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Help Your Child Deal With Bone Spicules After Wisdom Tooth Extraction


Wisdom teeth usually come in between the ages of sixteen and twenty-five. As your child heads into his or her late teen years, you may wonder if he or she needs to have their wisdom teeth extracted.

Not everyone needs to have their wisdom teeth removed, but they are unpredictable teeth. Your dentist may recommend removal for your child if the teeth are impacted or causing pain. If your child has a small mouth, then he or she may need an extraction since the teeth may not have enough room to erupt.

While a wisdom tooth extraction is a common, low-risk procedure in oral surgery, one possible side effect that you should be aware of is the development of bone spicules.

What Are Bone Spicules?

When the dentist extracts a tooth, he or she will use instruments called a curette or root tip pick to clean out any remaining bone fragments in the socket. The dentist and dental assistant will also irrigate the socket to remove any debris. While these practices can clear away most bone fragments, occasionally tiny pieces are left behind. These tiny, sliver-like fragments are called bone spicules.

Some spicules are loose while others may still be attached to the jawbone. Not everyone develops bone spicules after an extraction, but if your child does, he or she may notice swelling around the gum tissue. He or she may also feel the sharp edges of spicules with his or her tongue if they're sticking out of the gum tissue. You may be able to see spicules with a mirror, but some are very tiny and not easily seen.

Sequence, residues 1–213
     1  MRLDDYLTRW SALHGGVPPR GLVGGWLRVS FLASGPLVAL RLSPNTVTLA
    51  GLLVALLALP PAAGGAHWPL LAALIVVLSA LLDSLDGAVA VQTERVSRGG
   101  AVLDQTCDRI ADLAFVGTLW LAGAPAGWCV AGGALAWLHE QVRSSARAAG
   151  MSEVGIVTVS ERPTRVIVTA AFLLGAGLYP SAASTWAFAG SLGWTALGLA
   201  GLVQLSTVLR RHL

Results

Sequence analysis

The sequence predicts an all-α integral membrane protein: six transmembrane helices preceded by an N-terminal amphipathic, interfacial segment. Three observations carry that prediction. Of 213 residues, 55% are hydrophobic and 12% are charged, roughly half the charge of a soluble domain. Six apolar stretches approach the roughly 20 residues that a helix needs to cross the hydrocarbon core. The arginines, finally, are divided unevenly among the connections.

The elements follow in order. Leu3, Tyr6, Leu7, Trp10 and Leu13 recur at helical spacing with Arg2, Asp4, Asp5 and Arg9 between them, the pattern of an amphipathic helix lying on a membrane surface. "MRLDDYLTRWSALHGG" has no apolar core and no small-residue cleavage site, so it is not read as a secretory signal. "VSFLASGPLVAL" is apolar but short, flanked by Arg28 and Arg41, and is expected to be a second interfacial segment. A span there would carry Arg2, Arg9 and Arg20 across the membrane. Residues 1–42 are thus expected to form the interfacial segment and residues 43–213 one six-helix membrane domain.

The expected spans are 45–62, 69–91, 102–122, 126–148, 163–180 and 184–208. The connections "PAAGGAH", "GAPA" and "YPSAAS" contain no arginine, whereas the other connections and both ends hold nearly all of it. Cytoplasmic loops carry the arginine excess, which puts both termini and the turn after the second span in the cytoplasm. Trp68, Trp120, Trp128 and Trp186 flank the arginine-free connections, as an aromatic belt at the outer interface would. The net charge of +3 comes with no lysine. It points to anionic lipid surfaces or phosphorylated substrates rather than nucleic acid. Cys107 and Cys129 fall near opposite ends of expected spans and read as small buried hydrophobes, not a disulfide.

Will They Go Away on Their Own?

Bone spicules are completely normal, and your child shouldn't be alarmed if he or she notices them. In many cases, they will work out of the gum tissue on their own, or the body will break them down. This natural process may a couple weeks or about a month for the spicules to resolve.

Sometimes the spicules don't work out on their own, so your child may have to go back to the dentist to have them removed if they're bothersome.

What Can You Do to Ease Your Child's Discomfort?

To ease your child's discomfort, make sure they take any prescribed painkillers at the scheduled intervals. Also, ask your dentist when your child can rinse and gargle with saltwater. Saltwater can reduce inflammation and can help speed up the process of spicule exfoliation.

You may be tempted to remove the spicules yourself if you can see them in your child's mouth, but this is a bad idea. For one, at-home tweezers aren't sterilized to the extent like they are in dental offices.

Secondly, if you or your child tries to remove the spicules, you could dislodge the site's blood clot. The blood clot is important because it protects the socket as the gum tissue fully heals. If the clot is dislodged, then your child could develop dry socket. A dry socket is a painful condition that leaves the nerves and jawbone exposed to infection.

If the bone spicules don’t go away on their own and still cause pain, make an appointment with the dentist. He or she can safely extract the spicules without putting your child at risk for infection. Plus, to avoid any pain from any larger bone spicule, the dentist can use a form of anesthetic for your child.

If you child is nearing the age when their wisdom teeth will come in, you should take them to a dentist to see if they’ll need them extracted. Contact us at Youth Dental & Vision for more information about wisdom tooth extractions.

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